When open enrollment season rolls around, many people begin shopping for health insurance plans. Not only can you buy insurance if they don’t have it, but you can also switch plans if you are unhappy with your existing one.

When you begin to shop for health insurance, the entire process can seem overwhelming. Breaking things down can help to make the process easier.

If you take a step back and use a checklist, what appears to be a somewhat daunting process can be simplified. With that in mind, here are a few things to consider as you compare your health insurance plans this year.

The Premiums

It is completely natural for people to focus on the premium of the insurance plan they are considering. This is because the premiums are the total amount of money you must pay each month for the coverage.

This makes them the most obvious expense that is related to the health insurance you ultimately choose.

While you need to make sure that you find health insurance that will fit in your budget, the cheapest plan isn’t always going to be the best. If you find a plan with a lower premium, it may wind up equaling out with higher deductibles or even a restricted network of care providers.

Rather than making decisions about what insurance plan to choose based on the premium only, this should be just one factor that is considered when choosing a plan.

Your Out-of-Pocket Costs

wallet in pocket

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The majority of health insurance plans are going to come with certain out-of-pocket costs. The plan’s deductible is the amount you have to pay upfront before your insurance coverage will kick in.

There are some types of preventative care services, including some cancer screenings and immunizations that are often exempt from the deductibles.

Also, some health insurance policies will charge a copayment or coinsurance after the deductible has been met. The copayment is the flat fee for a certain service. An example would be $30 you must pay when going to the doctor.

The coinsurance you are charged is a percentage of the total cost of the care you receive. The most common type of coinsurance that is found offered by health insurance policies is the 80/20 split. This requires you to pay for up to 20 percent of the bill and the insurance policy will cover the remaining 80 percent.

Sometimes, the out-of-pocket costs will be difficult for you to decipher. A financial planner will help you navigate through all the fine print in the policy.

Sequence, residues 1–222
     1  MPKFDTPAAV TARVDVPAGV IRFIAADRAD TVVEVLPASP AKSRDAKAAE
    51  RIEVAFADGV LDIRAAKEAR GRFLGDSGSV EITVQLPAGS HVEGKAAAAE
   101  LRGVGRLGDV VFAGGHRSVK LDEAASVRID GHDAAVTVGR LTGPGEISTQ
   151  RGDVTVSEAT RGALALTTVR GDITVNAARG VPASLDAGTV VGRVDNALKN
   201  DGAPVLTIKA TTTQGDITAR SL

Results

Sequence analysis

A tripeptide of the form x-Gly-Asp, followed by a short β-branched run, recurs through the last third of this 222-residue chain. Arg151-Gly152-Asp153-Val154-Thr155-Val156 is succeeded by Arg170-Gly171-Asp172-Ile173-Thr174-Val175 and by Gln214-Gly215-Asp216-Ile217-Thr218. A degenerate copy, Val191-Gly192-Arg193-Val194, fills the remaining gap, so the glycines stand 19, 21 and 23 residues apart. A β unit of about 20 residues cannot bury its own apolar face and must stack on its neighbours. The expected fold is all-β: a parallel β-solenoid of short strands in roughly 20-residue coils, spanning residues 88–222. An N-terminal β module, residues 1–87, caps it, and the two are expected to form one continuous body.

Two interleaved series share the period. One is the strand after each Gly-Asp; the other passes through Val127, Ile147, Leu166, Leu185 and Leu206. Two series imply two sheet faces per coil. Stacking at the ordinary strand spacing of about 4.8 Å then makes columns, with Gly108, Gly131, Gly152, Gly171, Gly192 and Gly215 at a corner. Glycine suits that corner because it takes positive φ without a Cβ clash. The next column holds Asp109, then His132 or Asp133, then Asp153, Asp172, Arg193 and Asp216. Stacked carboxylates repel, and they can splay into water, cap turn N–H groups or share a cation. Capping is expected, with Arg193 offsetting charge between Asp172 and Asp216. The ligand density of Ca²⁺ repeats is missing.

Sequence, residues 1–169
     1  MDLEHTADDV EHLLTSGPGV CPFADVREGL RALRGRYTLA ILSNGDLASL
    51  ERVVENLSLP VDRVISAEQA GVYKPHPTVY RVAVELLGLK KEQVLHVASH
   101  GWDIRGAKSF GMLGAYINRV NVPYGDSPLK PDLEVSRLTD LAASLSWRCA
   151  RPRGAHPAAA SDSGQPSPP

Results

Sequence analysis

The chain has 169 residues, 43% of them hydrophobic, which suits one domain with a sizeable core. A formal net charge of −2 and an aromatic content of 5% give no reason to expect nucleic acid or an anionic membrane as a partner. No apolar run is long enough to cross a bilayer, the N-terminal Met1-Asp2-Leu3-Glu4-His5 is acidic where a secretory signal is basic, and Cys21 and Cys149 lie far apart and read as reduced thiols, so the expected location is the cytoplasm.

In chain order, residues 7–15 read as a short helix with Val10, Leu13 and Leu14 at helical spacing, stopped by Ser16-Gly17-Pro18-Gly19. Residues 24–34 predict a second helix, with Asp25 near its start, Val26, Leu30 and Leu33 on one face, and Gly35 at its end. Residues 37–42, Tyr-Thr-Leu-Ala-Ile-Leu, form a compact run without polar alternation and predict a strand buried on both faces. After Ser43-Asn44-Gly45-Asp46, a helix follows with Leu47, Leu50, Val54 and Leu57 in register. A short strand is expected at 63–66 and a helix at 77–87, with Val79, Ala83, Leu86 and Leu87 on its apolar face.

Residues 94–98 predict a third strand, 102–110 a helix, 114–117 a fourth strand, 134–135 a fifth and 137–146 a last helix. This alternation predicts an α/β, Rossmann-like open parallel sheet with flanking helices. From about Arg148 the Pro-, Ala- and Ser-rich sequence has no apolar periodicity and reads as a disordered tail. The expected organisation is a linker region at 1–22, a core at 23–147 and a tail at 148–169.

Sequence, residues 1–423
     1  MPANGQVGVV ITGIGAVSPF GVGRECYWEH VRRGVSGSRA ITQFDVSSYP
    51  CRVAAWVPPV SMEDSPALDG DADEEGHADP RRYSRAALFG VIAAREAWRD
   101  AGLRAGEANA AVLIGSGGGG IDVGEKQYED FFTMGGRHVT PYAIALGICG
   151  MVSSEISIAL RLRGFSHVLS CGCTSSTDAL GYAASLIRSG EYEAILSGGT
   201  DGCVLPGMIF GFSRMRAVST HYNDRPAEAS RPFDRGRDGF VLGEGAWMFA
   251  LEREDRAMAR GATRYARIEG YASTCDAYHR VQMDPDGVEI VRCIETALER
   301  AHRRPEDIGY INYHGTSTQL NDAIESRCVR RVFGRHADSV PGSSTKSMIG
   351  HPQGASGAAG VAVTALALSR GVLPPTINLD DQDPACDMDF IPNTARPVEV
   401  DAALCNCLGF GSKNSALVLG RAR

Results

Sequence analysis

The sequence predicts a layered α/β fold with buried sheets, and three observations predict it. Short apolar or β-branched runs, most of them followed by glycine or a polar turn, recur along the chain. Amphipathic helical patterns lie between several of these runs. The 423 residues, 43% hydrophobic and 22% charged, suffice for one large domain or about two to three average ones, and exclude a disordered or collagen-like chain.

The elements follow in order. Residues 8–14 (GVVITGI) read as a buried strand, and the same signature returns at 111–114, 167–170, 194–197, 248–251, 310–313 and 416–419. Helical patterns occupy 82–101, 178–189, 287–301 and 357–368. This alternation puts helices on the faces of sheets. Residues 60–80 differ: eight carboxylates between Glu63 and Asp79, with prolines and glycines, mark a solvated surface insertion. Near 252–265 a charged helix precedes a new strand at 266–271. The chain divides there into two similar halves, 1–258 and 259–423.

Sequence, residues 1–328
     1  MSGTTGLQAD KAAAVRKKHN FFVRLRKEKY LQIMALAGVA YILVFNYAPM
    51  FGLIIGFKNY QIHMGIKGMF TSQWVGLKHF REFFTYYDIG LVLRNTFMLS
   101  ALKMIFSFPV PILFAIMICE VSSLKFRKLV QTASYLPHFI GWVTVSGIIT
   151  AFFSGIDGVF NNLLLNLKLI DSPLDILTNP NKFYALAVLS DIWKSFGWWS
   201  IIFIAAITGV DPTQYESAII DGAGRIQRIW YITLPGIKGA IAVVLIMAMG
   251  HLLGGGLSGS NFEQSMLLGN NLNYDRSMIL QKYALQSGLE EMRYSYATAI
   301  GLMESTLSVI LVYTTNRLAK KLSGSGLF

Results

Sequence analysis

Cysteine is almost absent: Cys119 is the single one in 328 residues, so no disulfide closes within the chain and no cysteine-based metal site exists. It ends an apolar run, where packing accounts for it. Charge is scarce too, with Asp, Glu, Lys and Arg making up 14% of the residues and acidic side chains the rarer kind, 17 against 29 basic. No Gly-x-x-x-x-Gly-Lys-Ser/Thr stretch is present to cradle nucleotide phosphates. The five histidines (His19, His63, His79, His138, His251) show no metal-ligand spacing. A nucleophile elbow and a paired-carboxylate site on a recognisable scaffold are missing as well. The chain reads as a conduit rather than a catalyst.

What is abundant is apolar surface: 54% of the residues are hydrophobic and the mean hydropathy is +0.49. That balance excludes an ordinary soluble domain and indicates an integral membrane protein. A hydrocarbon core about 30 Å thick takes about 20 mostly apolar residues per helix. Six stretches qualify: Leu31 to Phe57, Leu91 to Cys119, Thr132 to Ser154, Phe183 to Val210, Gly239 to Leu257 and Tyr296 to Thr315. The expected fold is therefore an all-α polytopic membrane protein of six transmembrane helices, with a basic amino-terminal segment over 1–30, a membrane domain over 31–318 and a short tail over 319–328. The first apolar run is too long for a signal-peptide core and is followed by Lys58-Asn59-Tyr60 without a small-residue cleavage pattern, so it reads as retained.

If you don’t have an advisor to ask, consider speaking with the human resources office at your work, or you can contact the insurer directly if you desire.

Coverage for Prescription Drugs

It isn’t enough to know that the plan you have selected has prescription drug coverage. You also need to know certain prescriptions that are actually covered.

There are some insurers that will use formularies or a list of covered drugs, that will categorize the prescriptions into different tiers. A generic prescription may have a lower copay, while the brand name drugs will cost more.

Remember, some insurers will require a patient to try out the lower-tier drugs first or to receive prior authorization before the plan will cover your more expensive medications.

Examples of drugs you may have to be pre-approved for include Humulin, which is for diabetes, or Adderall for attention deficit hyperactivity disorder.

Eligibility for a Health Savings Account

A health savings account, which is often referred to as the HSA, is an invaluable financial tool. In 2019, single individuals were allowed to make as much as $3,500 in total tax-deductible contributions to their HSA.

Those who had a family plan were allowed to contribute up to $7,000 in tax-free contributions. Those who were over the age of 55 could make an additional contribution amount of $1,000 per year.

Only those who are considered qualified for higher deductible insurance plans can contribute to the HSA. In 2019, the qualified plans were the ones that had a minimum deductible of $1,350 for an individual and $2,700 for families, along with a max out-of-pocket cost of $6,750 for an individual and $15,500 for family plans.

Keep in mind though, these higher deductible plans are right for everyone. Even though the lower premiums are appealing, they are usually only right for those who are healthy and who don’t have very big healthcare needs and won’t have these in the foreseeable future.

As you can see, there are more than a few factors to consider when it comes to choosing a healthcare plan. Keep the tips and information here in mind to ensure that the desired plan is selected that meets the needs of the individual or the family. Being informed is the best way to ensure that the right plan is found and selected.